I just watched it this morning and could still feel the chills in my spine as I remembered the picture of Jesus during those 40 days in the desert. The picture is not a pleasant one at all – it’s not the strong Jesus that we love to picture, or the Almighty Jesus or the Eternal Jesus. Instead we see a picture of a weak Jesus. A hungry Jesus. A Jesus in need of help from the angels. And that picture breaks my heart. Read More
Below is an article written by the late Reverend Alexander Schmemann – a prominent 20th century priest, theologian and writer in the Orthodox church here in America. Fr. Alexander published many books and articles and did much to help the spread of Orthodox Christianity in America before his untimely death from cancer in 1983.
The article below is about the significance and meaning of Forgiveness Sunday – the Sunday before the start of Lent. I am publishing it today because it is a perfect follow up to yesterday’s very popular post on FORGIVENESS: What Lent is All About.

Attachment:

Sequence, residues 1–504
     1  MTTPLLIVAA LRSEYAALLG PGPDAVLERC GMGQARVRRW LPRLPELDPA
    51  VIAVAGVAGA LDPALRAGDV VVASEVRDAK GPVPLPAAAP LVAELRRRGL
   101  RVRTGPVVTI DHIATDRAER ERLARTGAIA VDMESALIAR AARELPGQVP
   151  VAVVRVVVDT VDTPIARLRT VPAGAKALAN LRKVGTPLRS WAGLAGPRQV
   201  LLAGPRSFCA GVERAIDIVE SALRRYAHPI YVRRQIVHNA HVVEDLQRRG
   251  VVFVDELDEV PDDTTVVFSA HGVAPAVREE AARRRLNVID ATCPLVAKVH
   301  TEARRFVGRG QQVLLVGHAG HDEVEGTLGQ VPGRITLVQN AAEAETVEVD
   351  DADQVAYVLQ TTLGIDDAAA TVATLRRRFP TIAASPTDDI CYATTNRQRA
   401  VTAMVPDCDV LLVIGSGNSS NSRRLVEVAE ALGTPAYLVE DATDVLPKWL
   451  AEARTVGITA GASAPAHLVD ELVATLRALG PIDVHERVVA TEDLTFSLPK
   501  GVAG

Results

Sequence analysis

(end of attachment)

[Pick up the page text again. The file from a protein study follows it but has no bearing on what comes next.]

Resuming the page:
I hope you enjoy this article from one of the modern day heroes of the Orthodox Church in America. Read More
Two days ago I posed a question to my blog readers: what do you think God wants us/you to focus on during Lent?
If we are going to get the most out of Lent and we are going to reach the destination we are aiming for (remember Lent is a journey, not a season), then what do we need to take with us along the way?
We agreed already that fasting is a key element, but there is certainly more. Much more! God is always more focused on the attitudes of the heart more than on the actions of the body. As the Scripture says in 1 Samuel 16:7, “For the Lord does not see as man sees; for man looks at the outward appearance, but the Lord looks at the heart.” (see also Matthew 5:21-22 and 5:27-28).
So what heart attitude do we need to focus on at the start of this Lenten journey? Where should our emphasis lie?